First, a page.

Even before WIND Mobile launched their Canadian wireless service other competing carriers were raising questions about the amount of foreign ownership they had, mostly funded by Egypt’s Orascom Telecom. A couple years of court hearings led to the Federal Court of Appeal to declare that Globalive, WIND Mobile’s parent-company, was “Canadian owned and controlled company.”
However, this news was not welcomed by one of their competitors, Public Mobile. Alek Krstajic, Public’s CEO, appealed the decision and stated they wanted further inquiry into WIND’s foreign ownership structure and took it to the Supreme Court of Canada. Krstajic boldly stated that all carriers, specifically Public, wanted “a level-playing field.”
Today the Supreme Court of Canada dropped the hammer and ruled against Public Mobile by stating WIND Mobile is in complete compliance with the ownership rules in the Telecom Act, thus not granting them a leave of appeal. In a post on their company blog, Tony Lacavera, CEO and Chairman of WIND Mobile, said “WIND is interested in fighting in the marketplace to provide Canadians with fair, transparent and competitive wireless offerings, not in fighting in courtrooms. We’re extremely pleased with the Supreme Court’s decision, which will allow us to tie off this loose end and continue working with the best interests of Canadians firmly in mind.”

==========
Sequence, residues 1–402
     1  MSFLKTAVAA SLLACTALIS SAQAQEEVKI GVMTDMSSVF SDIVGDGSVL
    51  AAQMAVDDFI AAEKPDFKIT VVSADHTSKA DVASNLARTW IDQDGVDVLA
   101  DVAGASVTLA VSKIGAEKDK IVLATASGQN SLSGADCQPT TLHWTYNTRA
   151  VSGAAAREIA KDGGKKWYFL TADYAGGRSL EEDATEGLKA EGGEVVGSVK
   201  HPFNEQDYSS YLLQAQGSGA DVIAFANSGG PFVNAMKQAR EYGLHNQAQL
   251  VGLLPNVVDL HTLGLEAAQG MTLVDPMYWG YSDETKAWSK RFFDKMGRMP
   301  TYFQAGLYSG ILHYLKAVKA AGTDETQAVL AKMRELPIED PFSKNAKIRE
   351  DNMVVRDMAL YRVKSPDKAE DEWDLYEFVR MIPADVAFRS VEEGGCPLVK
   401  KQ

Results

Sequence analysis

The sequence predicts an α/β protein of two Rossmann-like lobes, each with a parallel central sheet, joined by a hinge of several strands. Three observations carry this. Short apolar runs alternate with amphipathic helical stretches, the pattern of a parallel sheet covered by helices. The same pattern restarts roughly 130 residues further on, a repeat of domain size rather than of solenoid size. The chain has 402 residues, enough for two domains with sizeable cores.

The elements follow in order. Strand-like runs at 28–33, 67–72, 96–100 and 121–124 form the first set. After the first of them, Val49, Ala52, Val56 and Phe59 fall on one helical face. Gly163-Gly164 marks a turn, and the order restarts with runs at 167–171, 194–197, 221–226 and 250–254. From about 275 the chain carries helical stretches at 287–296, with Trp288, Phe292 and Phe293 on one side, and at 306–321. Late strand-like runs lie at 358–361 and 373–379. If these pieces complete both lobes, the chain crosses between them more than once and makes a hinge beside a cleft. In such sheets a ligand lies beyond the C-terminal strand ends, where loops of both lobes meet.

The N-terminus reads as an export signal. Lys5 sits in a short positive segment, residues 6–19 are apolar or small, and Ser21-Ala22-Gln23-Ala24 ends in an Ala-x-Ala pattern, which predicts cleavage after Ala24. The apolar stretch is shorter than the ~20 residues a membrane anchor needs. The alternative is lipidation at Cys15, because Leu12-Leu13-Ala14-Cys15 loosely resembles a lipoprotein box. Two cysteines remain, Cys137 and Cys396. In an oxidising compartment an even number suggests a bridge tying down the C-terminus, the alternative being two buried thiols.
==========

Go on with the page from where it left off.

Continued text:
WIND also took the time to announce they have “over 400,000 happy customers” and 490 points of distribution.
We’ve reached out to Public Mobile on the outcome, Bob Boron, General Counsel for Public Mobile, said that “Although we are disappointed that the Supreme Court has chosen not to hear Public Mobile’s appeal, we nonetheless believe that by bringing this case forward, Public Mobile has put a spotlight on the issue of foreign ownership and control of wireless carriers in Canada… Although it is unfortunate that the SCC has chosen not to resolve the confusion over Cabinet’s authority in varying the decisions of administrative bodies, Public Mobile has been successful on the issue that really matters, the creation of a level playing field for all new wireless entrants.”
So, case closed. Now Wind and the others can focus on the upcoming 700Mhz spectrum auction.